Wednesday, March 22, 2017
The youngest ever to win Nobel Prize in Economics, Kenneth Arrow, who was said to have shaped the 20th century economics along with John Maynard Keynes and Paul Samuelson, died aged 95 on February 21.
Kenneth J Arrow, hailed by many as the polymath, is “the most important theorist of the 20th century in economics”, said Professor Paul Samuelson, the first American Nobel Laurate in economics. One of the biggest breakthroughs in economics was Prof Arrow’s ‘impossibility theorem’ that emerged out of his PhD dissertation. Relying on mathematical logic, he has shown that there is no possible voting system that can consistently and sensibly aggregate the diverse preferences of the population and present a coherent picture, which can be used to make policy choices. Though mathematical and abstruse, his study simply philosophized that group decisions do not inherit the ‘rationality’ that we usually witness when an individual exercises his choice. To make this point precise, he had chosen technical conditions, viz., non-dictatorship, individual sovereignty, unanimity, freedom from irrelevant alternatives, and uniqueness of group rank and proved that it is impossible to formulate a social preference ordering that satisfies all of these conditions. This study explained why committees often find it difficult to arrive at consistent conclusions as also why with polarized electorate, democracy can become dysfunctional. The theorem gave rise to a new discipline: social choice theory that has implications for welfare economics. Learning from his theorem that no system works entirely well, the best of the economists engaged themselves since then in finding out if any voting system was better than others.
Prof Arrow’s next major contribution, for which he shared Nobel Prize with John Hicks in 1972, was in ‘general equilibrium’. Since 1776, economists have been talking about Adam Smith’s idea of “invisible hand” but no one could establish precise conditions under which there would be prices that would clear all markets, till Prof Arrow along with Gerard Debreu, using mathematical techniques of topology to develop a model that “presented an integrated system of production and consumption which takes account of the circular flow of income”—an improvement over Walras’s model—identified the specific conditions under which market outcomes had broadly desirable social virtues. For this to work, it however calls for utopian conditions: undistorted markets are required for all goods and services, for all future times and for all contingencies with full information available to all agents in the economy. In other words, his theory of ‘general equilibrium’ established: one, that there is a general equilibrium at which prices equalized supply and demand in every market at once; two, this equilibrium is efficient; three, any efficient allocation of resources could be attained by directly redistributing wealth and letting the competitive markets decide prices; and four, markets could still fail, for a single change in one variable will impact the whole economy.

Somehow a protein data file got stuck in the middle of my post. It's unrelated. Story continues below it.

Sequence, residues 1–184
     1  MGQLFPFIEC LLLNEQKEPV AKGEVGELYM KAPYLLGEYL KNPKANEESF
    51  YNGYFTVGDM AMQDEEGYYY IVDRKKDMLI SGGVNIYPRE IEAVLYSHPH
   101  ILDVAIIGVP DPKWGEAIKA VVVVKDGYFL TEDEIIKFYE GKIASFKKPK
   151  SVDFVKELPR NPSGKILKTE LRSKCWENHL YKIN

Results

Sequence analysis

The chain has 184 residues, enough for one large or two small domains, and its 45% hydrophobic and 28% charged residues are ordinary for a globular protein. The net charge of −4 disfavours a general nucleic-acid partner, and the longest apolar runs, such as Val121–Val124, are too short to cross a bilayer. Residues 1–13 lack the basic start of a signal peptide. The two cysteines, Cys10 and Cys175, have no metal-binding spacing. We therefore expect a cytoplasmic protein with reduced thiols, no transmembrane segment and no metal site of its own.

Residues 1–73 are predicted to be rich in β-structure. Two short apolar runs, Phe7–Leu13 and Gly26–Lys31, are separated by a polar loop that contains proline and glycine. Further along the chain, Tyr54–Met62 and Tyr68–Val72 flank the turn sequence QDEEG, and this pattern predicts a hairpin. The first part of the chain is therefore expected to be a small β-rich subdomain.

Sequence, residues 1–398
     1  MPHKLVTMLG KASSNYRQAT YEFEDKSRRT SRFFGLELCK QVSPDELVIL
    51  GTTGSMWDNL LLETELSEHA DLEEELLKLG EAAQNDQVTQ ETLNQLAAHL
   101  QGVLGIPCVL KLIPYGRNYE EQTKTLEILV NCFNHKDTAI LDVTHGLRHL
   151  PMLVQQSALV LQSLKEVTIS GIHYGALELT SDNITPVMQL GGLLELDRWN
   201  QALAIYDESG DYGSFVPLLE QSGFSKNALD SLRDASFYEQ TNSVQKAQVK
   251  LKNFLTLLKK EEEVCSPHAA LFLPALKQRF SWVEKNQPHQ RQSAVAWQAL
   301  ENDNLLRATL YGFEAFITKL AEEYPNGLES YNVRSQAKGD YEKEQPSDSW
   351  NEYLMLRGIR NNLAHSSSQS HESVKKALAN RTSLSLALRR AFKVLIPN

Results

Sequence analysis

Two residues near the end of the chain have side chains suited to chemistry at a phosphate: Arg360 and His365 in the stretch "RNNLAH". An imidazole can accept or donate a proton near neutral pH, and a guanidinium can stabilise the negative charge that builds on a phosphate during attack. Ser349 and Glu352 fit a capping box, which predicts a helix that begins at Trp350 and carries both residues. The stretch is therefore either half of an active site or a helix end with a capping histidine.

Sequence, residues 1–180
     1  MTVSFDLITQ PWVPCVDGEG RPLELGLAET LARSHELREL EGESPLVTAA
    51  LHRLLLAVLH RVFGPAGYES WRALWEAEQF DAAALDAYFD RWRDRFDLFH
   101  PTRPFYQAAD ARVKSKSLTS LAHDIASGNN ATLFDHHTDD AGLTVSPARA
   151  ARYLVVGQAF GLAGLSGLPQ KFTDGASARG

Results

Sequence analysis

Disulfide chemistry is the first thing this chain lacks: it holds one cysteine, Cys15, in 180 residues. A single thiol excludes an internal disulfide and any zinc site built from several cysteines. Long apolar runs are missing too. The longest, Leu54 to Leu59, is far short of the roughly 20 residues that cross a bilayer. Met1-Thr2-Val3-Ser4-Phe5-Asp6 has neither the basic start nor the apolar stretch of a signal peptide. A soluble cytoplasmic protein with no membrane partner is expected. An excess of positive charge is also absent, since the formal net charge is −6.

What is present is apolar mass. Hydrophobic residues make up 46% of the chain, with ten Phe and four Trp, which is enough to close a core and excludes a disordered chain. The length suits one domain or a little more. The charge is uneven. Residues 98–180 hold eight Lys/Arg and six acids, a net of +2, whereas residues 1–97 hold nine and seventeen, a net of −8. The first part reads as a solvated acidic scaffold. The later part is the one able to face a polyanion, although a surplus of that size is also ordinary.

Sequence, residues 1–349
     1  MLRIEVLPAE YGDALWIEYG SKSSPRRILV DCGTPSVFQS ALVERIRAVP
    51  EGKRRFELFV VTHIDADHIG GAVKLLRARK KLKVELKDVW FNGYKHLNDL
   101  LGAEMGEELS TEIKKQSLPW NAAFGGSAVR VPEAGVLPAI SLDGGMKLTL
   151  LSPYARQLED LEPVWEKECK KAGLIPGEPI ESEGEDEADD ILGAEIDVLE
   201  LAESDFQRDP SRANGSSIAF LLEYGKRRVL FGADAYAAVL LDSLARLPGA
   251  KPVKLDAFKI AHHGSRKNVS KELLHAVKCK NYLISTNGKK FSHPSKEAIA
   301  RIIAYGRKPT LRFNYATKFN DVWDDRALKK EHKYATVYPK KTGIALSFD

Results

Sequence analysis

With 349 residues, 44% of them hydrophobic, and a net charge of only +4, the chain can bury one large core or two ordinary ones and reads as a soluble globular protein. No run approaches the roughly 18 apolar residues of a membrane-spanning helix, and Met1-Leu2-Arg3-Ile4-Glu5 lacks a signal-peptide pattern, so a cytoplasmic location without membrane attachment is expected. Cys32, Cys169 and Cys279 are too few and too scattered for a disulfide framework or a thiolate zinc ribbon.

Following this seminal work, Prof Arrow broke down each of the founding assumptions of the model to establish that markets could deliver suboptimal outcomes if uncertainty or asymmetry of information is in force. This led to the development of ‘information economics’ where information is used as an economic variable that still rules the financial markets. He had also established in a paper published in the early 1960s that asymmetric information between the provider and consumer of health services is making the health insurance market fragile. Pointing out the incentives for patients and their doctors to adopt medical procedures of questionable value when insurer pays the bills, Prof Arrow spawned the modern treatment of ‘moral hazard’. All this resulted in a new discipline: ‘health economics’. Indeed, it was his research on the topic that primarily shaped the Affordable Care Act that President Barack Obama launched in 2010 that incidentally mandates everyone to buy coverage irrespective of its need or otherwise.